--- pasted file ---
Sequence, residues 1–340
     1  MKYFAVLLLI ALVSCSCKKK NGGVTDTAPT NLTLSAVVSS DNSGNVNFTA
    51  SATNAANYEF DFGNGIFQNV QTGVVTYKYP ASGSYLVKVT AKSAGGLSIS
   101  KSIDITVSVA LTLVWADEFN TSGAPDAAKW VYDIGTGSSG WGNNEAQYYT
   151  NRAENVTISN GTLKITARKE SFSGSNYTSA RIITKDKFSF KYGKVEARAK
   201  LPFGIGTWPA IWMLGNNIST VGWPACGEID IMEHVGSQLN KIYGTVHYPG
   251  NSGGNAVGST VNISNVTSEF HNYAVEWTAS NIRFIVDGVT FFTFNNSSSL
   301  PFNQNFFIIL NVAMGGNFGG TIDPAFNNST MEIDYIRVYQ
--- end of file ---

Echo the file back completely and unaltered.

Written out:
Sequence, residues 1–340
     1  MKYFAVLLLI ALVSCSCKKK NGGVTDTAPT NLTLSAVVSS DNSGNVNFTA
    51  SATNAANYEF DFGNGIFQNV QTGVVTYKYP ASGSYLVKVT AKSAGGLSIS
   101  KSIDITVSVA LTLVWADEFN TSGAPDAAKW VYDIGTGSSG WGNNEAQYYT
   151  NRAENVTISN GTLKITARKE SFSGSNYTSA RIITKDKFSF KYGKVEARAK
   201  LPFGIGTWPA IWMLGNNIST VGWPACGEID IMEHVGSQLN KIYGTVHYPG
   251  NSGGNAVGST VNISNVTSEF HNYAVEWTAS NIRFIVDGVT FFTFNNSSSL
   301  PFNQNFFIIL NVAMGGNFGG TIDPAFNNST MEIDYIRVYQ